Then there were two launches yesterday.  First, from Kourou Space Centre in French Guiana, an Ariane V heavy lift rocket lifted two commsats to geosynchronous transfer orbit: Star One D1, to provide television and telecommunications services to South America for Embratel Star One of Brazil, and JCSAT 15, to provide television services for SKY Perfect JSAT Corp of Japan.

 

And then overnight, a scientific Earth observation satellite designed to monitor CO2 levels, TanSat, launched into polar orbit aboard a Long March 2D rocket from Jiuquan in northern China.  The spacecraft will be capable of mapping CO2 concentrations down to four parts per million worldwide, and also carries instruments relating to cloud and aerosol detection.  Don’t be alarmed by all the sparklies you see falling — those are sheets of ice illuminated by the brilliant rocket plume.  Ice formation is extremely common on liquid-propellant rockets, since the oxidizer at minimum is chilled to cryogenic temperatures.

All of these launches were completely successful.  There are three more launches planned for 2016, and hopefully they will go just as well: another Long March 2D, a Long March 3B, and a Proton.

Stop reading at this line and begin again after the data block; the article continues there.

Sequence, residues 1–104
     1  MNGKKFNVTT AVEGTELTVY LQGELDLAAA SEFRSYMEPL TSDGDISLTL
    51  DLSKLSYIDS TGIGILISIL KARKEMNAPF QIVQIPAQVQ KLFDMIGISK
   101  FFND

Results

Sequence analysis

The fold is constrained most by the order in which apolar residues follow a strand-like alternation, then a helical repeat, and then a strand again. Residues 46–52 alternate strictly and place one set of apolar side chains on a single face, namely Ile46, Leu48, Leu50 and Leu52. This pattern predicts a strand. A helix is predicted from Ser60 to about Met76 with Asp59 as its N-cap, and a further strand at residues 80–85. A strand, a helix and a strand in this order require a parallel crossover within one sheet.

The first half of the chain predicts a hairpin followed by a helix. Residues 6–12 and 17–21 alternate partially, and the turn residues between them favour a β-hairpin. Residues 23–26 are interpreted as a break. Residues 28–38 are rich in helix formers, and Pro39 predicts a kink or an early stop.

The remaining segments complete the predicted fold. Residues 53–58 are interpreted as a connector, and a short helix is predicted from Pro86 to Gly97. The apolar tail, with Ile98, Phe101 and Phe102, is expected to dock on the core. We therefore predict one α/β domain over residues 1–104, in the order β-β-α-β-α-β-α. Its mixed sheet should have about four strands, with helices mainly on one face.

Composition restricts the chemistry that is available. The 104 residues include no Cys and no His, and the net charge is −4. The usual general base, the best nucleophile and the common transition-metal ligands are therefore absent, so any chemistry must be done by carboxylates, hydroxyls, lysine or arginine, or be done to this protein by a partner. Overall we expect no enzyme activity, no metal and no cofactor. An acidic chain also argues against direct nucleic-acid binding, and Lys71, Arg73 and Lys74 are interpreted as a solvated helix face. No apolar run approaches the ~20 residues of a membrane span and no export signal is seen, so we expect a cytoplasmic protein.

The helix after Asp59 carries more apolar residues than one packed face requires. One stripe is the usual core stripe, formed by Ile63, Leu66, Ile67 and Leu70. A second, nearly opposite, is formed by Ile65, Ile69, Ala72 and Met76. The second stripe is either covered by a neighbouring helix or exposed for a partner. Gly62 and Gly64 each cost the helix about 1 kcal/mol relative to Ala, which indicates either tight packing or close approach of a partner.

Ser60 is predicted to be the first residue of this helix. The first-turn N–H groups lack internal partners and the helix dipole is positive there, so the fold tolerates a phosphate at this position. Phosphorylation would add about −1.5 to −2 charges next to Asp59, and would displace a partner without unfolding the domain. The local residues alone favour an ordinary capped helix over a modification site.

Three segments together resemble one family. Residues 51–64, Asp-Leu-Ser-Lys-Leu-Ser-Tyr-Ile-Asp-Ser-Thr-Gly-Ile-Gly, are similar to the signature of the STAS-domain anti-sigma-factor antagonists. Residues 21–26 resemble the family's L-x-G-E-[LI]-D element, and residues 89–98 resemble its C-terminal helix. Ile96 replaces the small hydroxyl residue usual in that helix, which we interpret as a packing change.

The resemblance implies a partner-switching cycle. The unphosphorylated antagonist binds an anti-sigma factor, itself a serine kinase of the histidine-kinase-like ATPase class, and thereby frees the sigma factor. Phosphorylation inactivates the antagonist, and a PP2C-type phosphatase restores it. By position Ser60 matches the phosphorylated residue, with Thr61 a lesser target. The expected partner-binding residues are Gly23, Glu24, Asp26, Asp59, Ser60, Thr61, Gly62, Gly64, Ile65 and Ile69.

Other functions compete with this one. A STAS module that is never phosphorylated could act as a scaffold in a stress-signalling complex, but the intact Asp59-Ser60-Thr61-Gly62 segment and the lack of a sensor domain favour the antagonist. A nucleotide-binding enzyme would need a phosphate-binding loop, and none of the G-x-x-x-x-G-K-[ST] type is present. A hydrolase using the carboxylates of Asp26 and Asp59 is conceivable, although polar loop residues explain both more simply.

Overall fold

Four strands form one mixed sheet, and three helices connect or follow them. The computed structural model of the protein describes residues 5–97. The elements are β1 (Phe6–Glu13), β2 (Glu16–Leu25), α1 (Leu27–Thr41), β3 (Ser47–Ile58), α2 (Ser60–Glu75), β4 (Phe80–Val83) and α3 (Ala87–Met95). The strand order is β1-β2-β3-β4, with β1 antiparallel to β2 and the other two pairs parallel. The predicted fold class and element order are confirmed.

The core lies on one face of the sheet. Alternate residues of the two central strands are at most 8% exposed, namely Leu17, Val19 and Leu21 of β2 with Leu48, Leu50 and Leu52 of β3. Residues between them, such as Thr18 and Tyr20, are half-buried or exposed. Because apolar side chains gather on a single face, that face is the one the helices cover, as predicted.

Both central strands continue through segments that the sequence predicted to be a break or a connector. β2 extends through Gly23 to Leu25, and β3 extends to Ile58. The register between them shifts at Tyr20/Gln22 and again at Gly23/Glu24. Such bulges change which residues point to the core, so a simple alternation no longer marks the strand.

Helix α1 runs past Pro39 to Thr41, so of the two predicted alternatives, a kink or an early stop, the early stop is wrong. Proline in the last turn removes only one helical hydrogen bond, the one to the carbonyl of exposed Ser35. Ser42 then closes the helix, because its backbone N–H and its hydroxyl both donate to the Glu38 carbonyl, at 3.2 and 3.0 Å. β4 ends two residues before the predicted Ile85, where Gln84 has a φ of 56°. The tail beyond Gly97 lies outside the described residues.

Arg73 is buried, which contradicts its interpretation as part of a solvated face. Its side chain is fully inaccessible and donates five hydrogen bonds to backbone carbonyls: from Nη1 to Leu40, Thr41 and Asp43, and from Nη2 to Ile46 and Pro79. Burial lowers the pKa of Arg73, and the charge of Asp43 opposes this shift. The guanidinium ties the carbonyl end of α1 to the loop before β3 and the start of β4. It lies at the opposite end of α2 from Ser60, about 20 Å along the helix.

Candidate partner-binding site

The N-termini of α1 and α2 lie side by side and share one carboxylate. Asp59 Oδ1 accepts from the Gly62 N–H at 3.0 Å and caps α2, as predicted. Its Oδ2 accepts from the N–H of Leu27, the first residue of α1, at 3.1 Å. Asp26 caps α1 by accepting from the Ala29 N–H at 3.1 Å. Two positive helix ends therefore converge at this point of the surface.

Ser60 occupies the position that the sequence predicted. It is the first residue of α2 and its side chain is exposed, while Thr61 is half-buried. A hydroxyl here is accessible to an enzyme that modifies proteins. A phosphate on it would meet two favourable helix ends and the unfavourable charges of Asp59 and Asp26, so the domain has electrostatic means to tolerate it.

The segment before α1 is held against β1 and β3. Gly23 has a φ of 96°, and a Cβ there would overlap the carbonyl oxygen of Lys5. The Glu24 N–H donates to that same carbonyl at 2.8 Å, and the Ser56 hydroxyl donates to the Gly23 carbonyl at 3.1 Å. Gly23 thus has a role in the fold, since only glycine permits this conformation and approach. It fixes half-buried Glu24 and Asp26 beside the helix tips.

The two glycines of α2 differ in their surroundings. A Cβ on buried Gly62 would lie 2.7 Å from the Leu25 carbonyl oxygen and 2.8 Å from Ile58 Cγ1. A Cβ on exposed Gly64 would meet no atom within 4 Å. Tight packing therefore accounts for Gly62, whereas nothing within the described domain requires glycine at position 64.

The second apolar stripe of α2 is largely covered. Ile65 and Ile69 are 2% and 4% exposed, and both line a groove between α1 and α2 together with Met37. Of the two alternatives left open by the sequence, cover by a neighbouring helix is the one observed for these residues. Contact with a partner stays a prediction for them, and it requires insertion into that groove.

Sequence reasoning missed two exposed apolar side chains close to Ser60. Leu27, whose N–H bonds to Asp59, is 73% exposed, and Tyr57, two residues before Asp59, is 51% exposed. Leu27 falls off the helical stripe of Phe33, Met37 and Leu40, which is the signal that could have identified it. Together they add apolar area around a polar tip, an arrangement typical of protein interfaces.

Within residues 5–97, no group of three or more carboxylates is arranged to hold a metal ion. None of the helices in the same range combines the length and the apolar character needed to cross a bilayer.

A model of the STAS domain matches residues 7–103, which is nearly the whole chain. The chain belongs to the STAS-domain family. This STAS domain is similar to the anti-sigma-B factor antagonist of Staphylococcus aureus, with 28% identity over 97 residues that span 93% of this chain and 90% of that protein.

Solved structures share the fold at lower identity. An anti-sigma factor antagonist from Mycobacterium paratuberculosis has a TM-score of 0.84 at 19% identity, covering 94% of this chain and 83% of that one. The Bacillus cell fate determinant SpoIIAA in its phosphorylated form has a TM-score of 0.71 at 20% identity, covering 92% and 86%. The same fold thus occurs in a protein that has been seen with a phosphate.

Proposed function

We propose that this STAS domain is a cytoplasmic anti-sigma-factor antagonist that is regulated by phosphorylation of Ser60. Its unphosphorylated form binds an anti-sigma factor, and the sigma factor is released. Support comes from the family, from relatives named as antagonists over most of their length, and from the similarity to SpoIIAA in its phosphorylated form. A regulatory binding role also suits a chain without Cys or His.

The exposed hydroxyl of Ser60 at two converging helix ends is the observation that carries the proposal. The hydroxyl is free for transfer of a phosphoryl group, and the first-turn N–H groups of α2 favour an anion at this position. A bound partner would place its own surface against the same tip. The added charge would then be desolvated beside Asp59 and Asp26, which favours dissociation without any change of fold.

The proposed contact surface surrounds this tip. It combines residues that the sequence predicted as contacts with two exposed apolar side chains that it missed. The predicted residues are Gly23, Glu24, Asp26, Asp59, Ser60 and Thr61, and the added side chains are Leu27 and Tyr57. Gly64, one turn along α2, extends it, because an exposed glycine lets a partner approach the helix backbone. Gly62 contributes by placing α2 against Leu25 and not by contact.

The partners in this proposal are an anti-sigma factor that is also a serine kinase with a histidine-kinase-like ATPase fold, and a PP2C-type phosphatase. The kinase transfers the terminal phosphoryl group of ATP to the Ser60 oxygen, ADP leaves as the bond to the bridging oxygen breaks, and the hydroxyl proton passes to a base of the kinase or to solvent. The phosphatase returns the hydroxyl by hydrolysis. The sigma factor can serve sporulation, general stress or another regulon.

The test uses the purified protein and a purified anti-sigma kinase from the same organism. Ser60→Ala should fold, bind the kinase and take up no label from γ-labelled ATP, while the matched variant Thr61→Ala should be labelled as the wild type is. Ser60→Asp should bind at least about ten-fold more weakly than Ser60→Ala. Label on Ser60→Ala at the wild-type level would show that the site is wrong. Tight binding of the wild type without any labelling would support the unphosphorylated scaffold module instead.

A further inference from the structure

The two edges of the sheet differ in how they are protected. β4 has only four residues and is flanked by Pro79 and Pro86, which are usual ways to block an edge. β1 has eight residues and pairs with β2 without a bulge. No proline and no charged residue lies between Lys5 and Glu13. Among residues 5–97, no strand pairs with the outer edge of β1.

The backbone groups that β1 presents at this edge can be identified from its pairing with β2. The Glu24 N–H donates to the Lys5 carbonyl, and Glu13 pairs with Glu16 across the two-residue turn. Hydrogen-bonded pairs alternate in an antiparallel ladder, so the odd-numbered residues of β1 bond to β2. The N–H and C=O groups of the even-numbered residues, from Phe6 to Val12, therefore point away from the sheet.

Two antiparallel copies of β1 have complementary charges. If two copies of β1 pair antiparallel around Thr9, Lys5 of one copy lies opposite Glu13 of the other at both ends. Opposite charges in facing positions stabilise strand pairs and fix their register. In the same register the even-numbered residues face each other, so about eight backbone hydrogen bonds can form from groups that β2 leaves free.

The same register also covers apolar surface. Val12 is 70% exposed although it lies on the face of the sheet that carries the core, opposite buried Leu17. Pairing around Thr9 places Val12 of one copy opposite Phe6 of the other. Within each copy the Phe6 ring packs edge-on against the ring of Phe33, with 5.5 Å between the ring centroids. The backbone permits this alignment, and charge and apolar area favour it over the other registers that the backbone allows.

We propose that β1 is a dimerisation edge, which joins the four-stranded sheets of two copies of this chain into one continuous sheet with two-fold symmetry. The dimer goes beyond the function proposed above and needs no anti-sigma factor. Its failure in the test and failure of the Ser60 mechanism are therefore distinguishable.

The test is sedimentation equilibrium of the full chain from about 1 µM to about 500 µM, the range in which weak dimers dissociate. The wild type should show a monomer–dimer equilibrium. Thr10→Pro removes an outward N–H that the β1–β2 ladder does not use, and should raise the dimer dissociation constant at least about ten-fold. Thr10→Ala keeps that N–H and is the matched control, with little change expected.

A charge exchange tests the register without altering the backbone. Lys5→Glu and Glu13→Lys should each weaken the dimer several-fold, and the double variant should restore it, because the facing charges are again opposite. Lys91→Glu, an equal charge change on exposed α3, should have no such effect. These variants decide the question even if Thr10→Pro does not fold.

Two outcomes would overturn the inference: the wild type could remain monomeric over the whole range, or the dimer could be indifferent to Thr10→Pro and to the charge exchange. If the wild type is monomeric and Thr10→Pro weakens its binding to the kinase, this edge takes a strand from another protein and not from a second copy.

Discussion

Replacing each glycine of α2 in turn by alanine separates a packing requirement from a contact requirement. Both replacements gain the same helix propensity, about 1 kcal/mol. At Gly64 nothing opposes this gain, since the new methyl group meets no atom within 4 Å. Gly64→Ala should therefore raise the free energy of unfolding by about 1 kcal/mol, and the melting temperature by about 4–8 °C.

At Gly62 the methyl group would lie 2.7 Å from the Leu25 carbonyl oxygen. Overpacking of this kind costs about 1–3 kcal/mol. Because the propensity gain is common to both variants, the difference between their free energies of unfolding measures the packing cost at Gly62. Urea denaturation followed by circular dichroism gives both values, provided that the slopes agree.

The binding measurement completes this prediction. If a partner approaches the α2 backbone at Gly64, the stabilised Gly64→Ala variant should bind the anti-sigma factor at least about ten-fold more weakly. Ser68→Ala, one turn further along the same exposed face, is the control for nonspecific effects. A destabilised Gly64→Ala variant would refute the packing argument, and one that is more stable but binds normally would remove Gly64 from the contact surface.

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Launch of Soyuz MS-03 with the ISS crew and Ariane V with Galileo satellites

Today, two rockets lifted off.  First, from Kourou in French Guiana, an Ariane V launched the next five elements of the Galileo satellite navigation constellation:

 

Then, from Baikonur Cosmodrome in Kazakhstan, Soyuz MS-03 blasted off.  The crew are Russian Soyuz commander Oleg Novitskiy, NASA astronaut Peggy Whitson (who, with this launch, has broken the record for oldest female astronaut previously held by Barbara Morgan), and French astronaut Thomas Pesquet of ESA.

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Ariane & New Shepard both fly!

Ariane V completed another flawless mission from Kourou, French Guiana yesterday, placing into orbit Sky Muster 2 for Australia and GSAT 18 for India.  Both are geosynchronous commsats, the mainstay of Ariane V’s customer base.